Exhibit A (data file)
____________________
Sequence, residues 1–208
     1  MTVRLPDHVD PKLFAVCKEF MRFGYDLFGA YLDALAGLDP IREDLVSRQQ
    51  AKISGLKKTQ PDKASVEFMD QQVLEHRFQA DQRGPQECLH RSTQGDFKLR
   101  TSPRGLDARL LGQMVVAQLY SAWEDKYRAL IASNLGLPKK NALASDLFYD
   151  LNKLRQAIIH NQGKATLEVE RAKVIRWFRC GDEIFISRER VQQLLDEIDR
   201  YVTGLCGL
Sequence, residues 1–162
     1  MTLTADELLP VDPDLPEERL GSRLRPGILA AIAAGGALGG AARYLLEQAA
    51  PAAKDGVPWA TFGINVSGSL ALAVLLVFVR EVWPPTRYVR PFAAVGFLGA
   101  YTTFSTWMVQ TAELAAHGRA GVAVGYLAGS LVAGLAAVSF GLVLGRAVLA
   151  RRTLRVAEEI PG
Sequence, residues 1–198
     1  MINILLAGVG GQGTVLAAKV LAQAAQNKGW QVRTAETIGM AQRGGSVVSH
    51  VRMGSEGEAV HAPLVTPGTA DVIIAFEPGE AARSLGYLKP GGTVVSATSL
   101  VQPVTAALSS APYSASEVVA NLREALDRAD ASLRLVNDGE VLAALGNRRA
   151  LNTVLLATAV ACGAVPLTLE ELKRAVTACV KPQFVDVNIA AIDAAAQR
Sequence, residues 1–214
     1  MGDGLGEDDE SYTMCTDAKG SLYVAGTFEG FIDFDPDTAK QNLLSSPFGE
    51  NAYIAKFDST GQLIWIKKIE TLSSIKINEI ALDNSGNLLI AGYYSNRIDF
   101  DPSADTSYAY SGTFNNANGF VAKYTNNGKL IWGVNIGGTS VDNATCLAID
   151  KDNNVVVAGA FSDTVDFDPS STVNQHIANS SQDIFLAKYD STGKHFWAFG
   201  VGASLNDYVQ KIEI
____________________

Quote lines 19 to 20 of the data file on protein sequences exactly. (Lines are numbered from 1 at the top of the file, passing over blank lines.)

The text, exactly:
    51  NAYIAKFDST GQLIWIKKIE TLSSIKINEI ALDNSGNLLI AGYYSNRIDF
   101  DPSADTSYAY SGTFNNANGF VAKYTNNGKL IWGVNIGGTS VDNATCLAID